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(adapted from a  St Emylyns blog post on corridoor medicine)

1.  Be Strategic

  • It is easy to get sucked into the care of individual patients when the department gets busy... you can quickly fall into the trap of losing oversight of the unit. When it gets busy, take a step back and assess the entire department, not jus the patient you are looking after.
  • Make an assessment of the current situation. How risky is it? Is this a temporary situation or is the overcrowding likely to persist.
  • On the busiest shifts the senior doctor should be responsible for  very few patients. Busy days require strong leadership and that is not possible when the most senior doctor is task focussed.

2. Talk: Communicate up, down and sideways.

  • Talk to other managers directly (access manager/ exec on call etc) and tell them what you want them to do. Give them actions.
  • Talk down to your team (the multiprofessional team) empathise, understand and explain what the situation is and how they can help.
  • Talk to your in patient colleagues. Again tell them how they can help. Be as specific as you can.
  • Get your shop floor management team together regularly (hourly) to discuss what can and cannot be done.
  • Walk the shop floor. Talk to all the staff. Gather information.

3. Be positive

  • Your attitude, your behaviour and your words will be heard by all. If you adopt a passive, pathetic or hopeless position then so will your staff. Great shop floor leadership sometimes means putting on a persona that can support and motivate others, no matter what you feel inside.
  • Challenge (gently) others figures who publicly catastrophise the situation. Ask them what they can do to support the team.

4. Allocate a waiting room doctor.

  • If ambulances are waiting to offload then allocate a competent doc to speak to all patients and waiting crews. Task them to make an assessment of who gets the next bed. Tell them to alert you if they have concerns.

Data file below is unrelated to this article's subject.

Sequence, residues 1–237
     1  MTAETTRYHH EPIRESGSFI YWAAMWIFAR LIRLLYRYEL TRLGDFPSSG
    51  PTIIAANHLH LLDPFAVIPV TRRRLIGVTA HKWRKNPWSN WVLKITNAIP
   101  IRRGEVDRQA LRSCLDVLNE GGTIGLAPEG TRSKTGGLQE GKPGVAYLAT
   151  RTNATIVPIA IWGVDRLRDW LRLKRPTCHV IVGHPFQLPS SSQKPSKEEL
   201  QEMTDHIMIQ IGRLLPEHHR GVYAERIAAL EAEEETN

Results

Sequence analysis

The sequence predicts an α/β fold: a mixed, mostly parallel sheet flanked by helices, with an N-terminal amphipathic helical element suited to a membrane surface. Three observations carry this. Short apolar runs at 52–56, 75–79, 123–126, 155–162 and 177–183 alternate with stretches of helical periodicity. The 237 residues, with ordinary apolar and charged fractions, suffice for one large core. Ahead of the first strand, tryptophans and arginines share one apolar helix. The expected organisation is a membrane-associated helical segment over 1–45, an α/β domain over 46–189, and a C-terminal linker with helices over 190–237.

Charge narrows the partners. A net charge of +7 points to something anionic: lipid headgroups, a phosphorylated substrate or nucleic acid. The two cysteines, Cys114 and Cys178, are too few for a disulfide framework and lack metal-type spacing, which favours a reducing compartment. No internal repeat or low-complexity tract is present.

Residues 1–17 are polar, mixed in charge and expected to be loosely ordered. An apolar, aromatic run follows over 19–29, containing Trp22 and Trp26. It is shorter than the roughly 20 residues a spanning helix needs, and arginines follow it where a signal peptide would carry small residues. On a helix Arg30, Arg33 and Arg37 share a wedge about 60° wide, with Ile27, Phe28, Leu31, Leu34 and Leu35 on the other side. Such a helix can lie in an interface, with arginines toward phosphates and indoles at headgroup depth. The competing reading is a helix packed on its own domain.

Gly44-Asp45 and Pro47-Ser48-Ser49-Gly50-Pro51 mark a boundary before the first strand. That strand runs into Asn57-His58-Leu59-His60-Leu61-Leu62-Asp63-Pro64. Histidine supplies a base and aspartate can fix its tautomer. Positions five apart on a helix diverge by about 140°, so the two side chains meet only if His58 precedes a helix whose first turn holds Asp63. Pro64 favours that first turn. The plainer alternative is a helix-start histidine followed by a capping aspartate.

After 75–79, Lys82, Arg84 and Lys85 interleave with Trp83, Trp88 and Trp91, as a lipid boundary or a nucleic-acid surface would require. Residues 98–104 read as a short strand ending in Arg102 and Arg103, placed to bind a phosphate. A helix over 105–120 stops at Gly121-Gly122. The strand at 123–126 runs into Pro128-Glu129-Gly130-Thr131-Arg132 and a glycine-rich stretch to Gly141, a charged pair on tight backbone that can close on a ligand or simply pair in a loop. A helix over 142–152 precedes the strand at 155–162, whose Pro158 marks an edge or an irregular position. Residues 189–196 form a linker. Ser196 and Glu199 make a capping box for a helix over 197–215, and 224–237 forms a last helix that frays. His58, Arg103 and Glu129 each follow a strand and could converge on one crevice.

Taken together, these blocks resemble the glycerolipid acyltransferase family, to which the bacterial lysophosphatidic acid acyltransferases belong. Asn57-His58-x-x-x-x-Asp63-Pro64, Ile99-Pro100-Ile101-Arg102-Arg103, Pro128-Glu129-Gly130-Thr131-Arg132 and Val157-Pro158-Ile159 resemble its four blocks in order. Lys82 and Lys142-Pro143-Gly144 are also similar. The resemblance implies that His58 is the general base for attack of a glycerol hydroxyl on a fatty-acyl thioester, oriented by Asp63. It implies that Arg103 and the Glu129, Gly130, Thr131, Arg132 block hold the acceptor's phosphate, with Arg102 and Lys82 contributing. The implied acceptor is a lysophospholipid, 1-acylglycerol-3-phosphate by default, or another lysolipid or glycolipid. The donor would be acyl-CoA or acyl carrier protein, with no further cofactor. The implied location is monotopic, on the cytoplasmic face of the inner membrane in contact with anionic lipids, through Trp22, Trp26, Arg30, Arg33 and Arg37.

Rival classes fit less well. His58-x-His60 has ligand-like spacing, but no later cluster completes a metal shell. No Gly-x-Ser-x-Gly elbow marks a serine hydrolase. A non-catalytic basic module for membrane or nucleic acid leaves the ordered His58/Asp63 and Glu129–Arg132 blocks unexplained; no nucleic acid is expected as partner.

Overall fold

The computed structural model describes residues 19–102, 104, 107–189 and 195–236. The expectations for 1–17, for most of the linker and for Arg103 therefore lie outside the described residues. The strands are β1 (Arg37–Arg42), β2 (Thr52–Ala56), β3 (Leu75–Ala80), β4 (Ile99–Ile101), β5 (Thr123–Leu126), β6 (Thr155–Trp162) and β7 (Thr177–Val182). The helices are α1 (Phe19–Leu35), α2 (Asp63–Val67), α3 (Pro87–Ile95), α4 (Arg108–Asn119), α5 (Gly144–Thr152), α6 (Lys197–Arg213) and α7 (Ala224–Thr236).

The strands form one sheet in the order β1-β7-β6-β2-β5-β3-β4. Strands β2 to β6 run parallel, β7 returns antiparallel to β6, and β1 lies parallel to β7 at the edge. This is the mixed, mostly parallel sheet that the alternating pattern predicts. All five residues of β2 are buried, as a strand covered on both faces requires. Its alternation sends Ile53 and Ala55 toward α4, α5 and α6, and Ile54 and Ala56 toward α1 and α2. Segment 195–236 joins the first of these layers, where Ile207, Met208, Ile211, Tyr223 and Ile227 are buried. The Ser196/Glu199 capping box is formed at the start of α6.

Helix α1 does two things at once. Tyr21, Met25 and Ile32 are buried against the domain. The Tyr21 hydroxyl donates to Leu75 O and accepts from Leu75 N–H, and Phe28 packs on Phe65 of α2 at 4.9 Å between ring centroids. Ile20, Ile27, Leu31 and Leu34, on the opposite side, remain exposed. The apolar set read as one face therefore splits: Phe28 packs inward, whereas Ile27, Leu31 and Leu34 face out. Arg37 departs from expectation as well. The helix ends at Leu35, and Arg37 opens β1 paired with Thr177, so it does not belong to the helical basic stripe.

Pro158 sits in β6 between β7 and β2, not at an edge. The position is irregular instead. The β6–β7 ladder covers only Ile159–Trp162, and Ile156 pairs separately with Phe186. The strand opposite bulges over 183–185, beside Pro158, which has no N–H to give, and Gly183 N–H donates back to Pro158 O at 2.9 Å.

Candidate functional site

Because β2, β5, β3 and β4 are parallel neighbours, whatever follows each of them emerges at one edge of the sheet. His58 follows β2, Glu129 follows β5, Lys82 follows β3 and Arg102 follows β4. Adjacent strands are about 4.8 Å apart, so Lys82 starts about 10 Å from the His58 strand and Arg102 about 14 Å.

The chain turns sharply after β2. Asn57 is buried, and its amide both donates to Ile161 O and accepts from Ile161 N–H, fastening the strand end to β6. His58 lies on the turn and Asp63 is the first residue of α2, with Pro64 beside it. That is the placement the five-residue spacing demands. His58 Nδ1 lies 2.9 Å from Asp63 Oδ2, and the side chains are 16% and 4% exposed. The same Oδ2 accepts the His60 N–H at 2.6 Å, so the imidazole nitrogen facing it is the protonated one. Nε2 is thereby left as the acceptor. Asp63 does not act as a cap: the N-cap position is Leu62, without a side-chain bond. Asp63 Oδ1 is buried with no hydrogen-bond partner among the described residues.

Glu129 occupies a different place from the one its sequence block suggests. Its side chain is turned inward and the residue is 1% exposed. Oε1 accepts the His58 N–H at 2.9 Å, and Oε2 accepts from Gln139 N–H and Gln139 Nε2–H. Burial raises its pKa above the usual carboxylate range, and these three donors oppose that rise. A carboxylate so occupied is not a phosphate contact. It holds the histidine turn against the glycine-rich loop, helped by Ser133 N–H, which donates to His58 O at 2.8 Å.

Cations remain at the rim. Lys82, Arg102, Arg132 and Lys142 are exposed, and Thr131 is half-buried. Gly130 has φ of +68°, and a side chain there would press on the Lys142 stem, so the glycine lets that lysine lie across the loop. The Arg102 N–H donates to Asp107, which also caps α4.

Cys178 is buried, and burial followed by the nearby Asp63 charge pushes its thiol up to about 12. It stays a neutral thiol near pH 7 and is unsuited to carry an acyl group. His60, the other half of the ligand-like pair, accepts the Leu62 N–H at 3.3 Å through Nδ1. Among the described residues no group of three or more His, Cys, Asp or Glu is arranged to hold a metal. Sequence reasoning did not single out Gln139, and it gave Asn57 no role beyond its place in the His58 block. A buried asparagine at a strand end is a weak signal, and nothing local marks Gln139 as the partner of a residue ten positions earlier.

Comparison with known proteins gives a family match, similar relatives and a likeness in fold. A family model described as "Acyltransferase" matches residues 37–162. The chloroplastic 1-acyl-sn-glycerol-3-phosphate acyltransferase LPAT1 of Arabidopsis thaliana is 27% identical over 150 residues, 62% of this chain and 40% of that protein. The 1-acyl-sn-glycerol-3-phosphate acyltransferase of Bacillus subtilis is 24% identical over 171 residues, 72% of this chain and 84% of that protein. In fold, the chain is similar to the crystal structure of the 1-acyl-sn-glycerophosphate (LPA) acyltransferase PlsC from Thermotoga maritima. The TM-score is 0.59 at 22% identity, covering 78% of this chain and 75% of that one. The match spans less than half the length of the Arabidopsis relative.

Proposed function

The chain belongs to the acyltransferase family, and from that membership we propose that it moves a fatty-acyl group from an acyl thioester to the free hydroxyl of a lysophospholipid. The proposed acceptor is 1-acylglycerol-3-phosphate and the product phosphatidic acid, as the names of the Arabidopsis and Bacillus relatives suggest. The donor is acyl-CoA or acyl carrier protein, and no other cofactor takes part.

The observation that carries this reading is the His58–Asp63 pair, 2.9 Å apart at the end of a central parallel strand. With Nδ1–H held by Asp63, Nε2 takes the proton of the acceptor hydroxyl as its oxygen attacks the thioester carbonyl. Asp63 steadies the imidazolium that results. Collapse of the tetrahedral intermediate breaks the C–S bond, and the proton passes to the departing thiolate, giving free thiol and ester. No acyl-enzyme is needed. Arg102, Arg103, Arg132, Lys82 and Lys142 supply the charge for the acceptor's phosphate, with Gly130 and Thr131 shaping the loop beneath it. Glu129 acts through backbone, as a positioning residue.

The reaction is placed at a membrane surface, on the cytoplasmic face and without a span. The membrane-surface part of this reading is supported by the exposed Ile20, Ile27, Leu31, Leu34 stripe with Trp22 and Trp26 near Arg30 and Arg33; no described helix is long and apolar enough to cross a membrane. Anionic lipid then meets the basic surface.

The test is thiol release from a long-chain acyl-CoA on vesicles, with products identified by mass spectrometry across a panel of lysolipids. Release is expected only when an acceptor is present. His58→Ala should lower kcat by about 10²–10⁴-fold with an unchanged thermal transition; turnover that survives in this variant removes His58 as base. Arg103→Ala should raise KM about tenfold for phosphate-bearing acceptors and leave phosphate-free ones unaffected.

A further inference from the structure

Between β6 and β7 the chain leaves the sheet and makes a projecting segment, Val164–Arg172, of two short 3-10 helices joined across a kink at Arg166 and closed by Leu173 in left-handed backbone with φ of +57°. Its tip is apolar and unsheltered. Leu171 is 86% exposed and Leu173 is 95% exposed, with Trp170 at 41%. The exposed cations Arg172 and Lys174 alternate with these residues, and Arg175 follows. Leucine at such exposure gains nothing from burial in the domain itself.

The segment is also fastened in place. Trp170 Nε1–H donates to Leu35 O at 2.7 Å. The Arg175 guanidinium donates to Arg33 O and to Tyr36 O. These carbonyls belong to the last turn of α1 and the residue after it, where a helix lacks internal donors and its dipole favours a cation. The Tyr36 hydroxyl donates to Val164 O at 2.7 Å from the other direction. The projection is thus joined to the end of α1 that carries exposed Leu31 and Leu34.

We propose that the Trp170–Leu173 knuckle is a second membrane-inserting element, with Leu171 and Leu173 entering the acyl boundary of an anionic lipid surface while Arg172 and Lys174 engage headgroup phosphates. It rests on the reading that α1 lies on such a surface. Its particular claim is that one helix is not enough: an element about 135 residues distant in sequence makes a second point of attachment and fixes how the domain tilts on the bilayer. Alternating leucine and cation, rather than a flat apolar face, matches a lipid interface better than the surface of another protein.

• Task them to make a rapid assessment of priority and then to report back to you and the triage nurse.

5. Report the overcrowding

  • Unless the overcrowding issues are shared across an organisation nothing will happen.  Whilst it can often seem pointless to fill in incident reports about overcrowding (it happens so often) it is a mechanism for making the executive notice.
  • Report individual patient harms

6.  Use non traditional space

  • If you are told that there is nowhere to see patients be pragmatic, think about what urgent clinical assessments can be made in different areas and prioritise. Try and ensure your patient’s dignity and confidentiality.
  • In a crisis any space can and may be used. See patients wherever they can be safely reviewed.

7. Be honest with patients.

  • Apologise for the delays.
  • Apologise for the circumstances they find themselves in (no-one wants to be on a corridor for 4 hours)
  • Tell them about delays when they first arrive and (where appropriate) suggest alternative health care providers.

8. Look after your staff

  • We all want to deliver great care, but that cannot be done in an overcrowded ED. 
  • Inability to deliver care to the level that we would wish is probably the biggest stressor for our teams.
  • Recognise this. Thank them, be nice, look after them.
9. The senior nurse is your best friend.
  • Touch base frequently & Review department status.
  • Decide on action plans. Consider escalation to executive on- call when things are unsafe.
  • The inevitable reponse if things go wrong will that they needed to be informed at or before the time.

10. Look after yourself

  • As a senior clinician you’re expected to be able to suck up all the pain, the risk, the danger and yet still lead with a positive attitude that supports everyone else.
  • This is tough and I know of many casualties.
    • If you think you need help ask for it before it’s too late.

  1. Position the limb using the uninjured arm or prop up with a wedge or a pillow
  2. Extra cotton padding on bony prominences and slightly beyond the planned length of the cast
  3. Water temperature  - warm shorter working time, cold longer working time
  4. Landmarks – determine where the bandage starts and where it ends
  5. Wrap around a joint to ensure the edges of the cotton/plaster do not cut into the joint crease
  6. Plaster application - grip the plaster roll by the plastic core to avoid slipping.  As you wrap around the limb, ensure the plaster roll remains in contact with the cast as it is being formed to avoid stretching and overtightening
  7. Smoothen the plaster with water using a circular motion in same direction of bandage.  Smoothening the plaster will avoid creating an onion-skin effect between the plaster layers
  8. Mould plaster to the natural shape of the limb using the palms of the hands until an oval-shaped cross section is achieved.  Never use finger tips as they will create pressure points.




This  post is a response to a number of case reviews  in recent years and noticing an association between badness and collapse...

In these scenarios syncope wasn't necessarily the presenting problem but rather a feature on history that perhaps should have led to a higher degree of concern. Often it can be difficult to determine the specific cause and the goal of our management is to exclude immediately life threatening pathology and observe the patient for  asuitable period to establish safety. The jury is still out on the significance of the very common pre-syncope or near syncope variant.